Monday, April 6, 2015

Cat Breeds: Munchkin

The Munchkin is a relatively new breed, having its roots in the early 1980s, but the mutation that resulted in the shorter legs actually appeared sporadically throughout the 20th century. The first reported mutation occurred in Britain in 1944. Dr. HE Williams-Jones wrote an entire paper on four generations of short-legged cats. This line, which may very well have gone on to found an entire breed, was tragically lost during WWII (World War II).

Fortunately for the cat fancy world, the short-legged trait appeared again. Several times, in fact. It could be found in Stalingrad in the 1950s, New England in the 1970s, and Louisiana in the 1980s. It was in 1983 that Sandra Hockenedel found a pregnant cat who happened to have the shortened legs the Munchkin would become famous for. This cat, who she named Blackberry, would become the foundation for the modern Munchkin breed, though several outcrosses would be necessary to establish a diverse gene pool.

After a decade of careful outcrossing, the Munchkin was recognized by TICA (The International Cat Association) in 1994, but only in the New Breed development program. This program ensures that the breed is stable and healthy before championship status is granted. It was during this time that the gene which results in the shorter legs is actually dominant, much like the gene in the Corgi and Dachshund dog breeds. This helped with the breed's stability and in 2003 TICA granted the Munchkin cat breed championship status.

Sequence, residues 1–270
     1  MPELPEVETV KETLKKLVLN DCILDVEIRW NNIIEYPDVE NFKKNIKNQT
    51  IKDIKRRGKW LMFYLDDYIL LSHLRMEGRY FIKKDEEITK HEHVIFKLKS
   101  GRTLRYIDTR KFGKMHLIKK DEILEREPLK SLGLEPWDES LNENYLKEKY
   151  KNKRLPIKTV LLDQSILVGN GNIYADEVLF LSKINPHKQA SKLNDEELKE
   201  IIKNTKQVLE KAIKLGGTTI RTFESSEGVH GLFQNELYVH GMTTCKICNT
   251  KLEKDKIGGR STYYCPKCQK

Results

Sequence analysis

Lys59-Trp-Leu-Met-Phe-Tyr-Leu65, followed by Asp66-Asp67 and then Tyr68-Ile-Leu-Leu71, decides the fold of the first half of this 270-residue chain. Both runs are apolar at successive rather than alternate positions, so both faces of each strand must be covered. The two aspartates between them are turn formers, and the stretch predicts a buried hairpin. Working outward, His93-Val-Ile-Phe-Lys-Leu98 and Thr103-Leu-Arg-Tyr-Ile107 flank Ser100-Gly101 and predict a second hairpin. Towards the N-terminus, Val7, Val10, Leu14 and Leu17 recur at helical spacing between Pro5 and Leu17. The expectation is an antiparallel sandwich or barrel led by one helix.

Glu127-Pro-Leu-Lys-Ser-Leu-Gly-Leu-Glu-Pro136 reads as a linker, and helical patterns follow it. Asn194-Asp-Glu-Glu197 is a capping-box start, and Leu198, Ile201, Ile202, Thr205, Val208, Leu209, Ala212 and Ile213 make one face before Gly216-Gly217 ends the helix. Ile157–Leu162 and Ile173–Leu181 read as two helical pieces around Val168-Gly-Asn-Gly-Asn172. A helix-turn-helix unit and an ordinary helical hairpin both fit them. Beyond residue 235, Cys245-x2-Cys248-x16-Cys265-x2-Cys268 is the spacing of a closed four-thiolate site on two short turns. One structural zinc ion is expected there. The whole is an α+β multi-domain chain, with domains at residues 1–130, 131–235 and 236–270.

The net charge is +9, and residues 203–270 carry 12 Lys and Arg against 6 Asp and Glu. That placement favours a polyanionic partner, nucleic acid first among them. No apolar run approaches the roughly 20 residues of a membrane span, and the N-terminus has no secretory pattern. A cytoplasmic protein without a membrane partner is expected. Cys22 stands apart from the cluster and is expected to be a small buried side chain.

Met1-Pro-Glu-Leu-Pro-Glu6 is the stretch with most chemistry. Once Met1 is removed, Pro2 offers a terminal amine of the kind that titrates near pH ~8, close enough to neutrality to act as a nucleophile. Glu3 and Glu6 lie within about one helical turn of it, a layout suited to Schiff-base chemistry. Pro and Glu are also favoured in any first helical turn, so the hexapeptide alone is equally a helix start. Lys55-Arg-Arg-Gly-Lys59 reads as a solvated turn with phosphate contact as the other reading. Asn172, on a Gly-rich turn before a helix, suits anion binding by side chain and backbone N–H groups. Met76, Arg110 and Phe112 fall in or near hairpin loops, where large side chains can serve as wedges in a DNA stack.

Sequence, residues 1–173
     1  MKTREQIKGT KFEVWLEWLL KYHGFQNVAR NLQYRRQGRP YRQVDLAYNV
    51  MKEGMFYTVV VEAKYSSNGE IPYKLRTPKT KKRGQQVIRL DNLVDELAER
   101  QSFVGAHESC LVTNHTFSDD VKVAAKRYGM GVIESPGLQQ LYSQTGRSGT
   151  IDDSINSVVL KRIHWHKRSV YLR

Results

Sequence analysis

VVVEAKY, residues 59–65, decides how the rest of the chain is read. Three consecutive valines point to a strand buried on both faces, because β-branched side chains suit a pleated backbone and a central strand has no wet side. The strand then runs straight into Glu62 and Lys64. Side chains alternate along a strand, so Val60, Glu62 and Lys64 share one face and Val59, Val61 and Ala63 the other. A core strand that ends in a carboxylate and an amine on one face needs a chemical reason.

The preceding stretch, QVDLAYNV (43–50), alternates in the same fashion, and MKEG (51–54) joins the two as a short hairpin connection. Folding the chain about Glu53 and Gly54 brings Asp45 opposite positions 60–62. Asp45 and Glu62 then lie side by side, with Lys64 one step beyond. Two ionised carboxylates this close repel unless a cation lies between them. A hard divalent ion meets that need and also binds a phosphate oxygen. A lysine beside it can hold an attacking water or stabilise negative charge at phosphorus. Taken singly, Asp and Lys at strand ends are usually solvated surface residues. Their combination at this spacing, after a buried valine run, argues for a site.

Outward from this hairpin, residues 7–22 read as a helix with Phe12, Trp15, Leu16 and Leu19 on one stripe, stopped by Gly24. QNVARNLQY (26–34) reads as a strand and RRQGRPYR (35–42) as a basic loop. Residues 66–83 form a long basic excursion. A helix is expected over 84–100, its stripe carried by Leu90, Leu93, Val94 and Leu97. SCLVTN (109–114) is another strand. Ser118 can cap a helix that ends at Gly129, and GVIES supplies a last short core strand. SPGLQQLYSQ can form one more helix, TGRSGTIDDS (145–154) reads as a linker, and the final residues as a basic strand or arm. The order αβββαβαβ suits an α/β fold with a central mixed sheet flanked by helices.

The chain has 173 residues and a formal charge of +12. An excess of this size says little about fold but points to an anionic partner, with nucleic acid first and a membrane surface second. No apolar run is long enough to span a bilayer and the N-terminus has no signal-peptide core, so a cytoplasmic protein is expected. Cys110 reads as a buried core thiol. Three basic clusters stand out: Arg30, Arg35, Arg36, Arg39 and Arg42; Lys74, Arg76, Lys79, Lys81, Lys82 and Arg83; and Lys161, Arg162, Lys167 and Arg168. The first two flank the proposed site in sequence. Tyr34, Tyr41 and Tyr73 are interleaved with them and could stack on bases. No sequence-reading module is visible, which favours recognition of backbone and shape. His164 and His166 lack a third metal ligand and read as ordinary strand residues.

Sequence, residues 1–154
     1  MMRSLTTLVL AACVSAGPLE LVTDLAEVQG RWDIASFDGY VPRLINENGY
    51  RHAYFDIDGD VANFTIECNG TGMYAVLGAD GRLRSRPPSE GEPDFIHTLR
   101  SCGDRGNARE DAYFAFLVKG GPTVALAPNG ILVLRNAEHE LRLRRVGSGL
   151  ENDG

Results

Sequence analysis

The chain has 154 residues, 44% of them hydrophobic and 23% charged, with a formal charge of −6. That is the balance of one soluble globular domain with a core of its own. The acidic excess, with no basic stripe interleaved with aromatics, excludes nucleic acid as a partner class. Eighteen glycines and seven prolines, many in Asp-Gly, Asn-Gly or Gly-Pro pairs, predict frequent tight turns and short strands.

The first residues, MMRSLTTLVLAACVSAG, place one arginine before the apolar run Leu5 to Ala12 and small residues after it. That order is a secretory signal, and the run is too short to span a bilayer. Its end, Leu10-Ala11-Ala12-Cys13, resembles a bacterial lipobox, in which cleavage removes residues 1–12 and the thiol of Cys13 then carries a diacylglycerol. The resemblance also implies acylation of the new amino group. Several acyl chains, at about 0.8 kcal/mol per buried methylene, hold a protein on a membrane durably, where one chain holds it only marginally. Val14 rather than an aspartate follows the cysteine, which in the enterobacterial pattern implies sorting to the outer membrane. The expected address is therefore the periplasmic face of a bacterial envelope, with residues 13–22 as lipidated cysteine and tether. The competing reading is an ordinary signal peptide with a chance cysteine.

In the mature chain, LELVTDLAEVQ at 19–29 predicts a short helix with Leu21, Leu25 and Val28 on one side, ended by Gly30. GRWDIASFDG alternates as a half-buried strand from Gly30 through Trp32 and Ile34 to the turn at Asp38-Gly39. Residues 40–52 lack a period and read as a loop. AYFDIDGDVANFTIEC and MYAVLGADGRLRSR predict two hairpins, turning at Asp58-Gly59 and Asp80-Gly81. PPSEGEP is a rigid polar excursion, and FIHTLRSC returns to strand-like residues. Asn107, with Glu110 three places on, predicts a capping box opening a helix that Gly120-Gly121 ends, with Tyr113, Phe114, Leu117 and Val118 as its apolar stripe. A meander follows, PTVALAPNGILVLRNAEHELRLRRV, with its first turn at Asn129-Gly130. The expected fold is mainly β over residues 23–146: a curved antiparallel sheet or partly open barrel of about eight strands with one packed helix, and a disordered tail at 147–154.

The Appearance of the Munchkin

The Munchkin cat looks very much like most other cat breeds, including the American Shorthair, except for the length of the legs. The mutation that makes these cats so unique shortens the leg bones, but does not affect any other part of the cat. So unlike the Corgi or Dachshund, the Munchkin doesn't have the back problems you might expect to see in a breed with such tiny legs. In fact, this breed has few health problems at all.

A medium-sized cat, the Munchkin typically weighs in between 5 and 9 pounds. Because of the early outcrossings, they can be of any color or pattern, so there is great variety in the Munchkin breed. They come in both longhaired and shorthaired varieties, the only difference between the two being the length of the coat. Shorthaired cats have an all-weather coat that is silky to the touch and requires only light grooming. Longhaired cats have an all-weather coat that is silky to the touch and requires more intensive grooming. Other than this slight difference, they are the same cat.

The Personality of the Munchkin

You might think this cat looks like a lot of fun, and you'd be right. They love to run and jump (though they can't jump as high as cats with longer legs) and will happily dash after whatever toy has been tossed for them. The Munchkin has a lot of energy and rarely slows down unless dinner is on the table.

The Munchkin has a sunny disposition and gets along with everyone from small children to strange dogs. They like everyone and want everyone's attention. A highly curious cat, this breed can sometimes get themselves into trouble with all their exploring, but you'll never want for excitement with this little bundle of energy around.

If you're looking for a cat that is unique and has a great personality, the Munchkin might be for you. They are happy and fun companions for the young and old alike. As long as you don't might a short little cat dashing around your living room at all hours.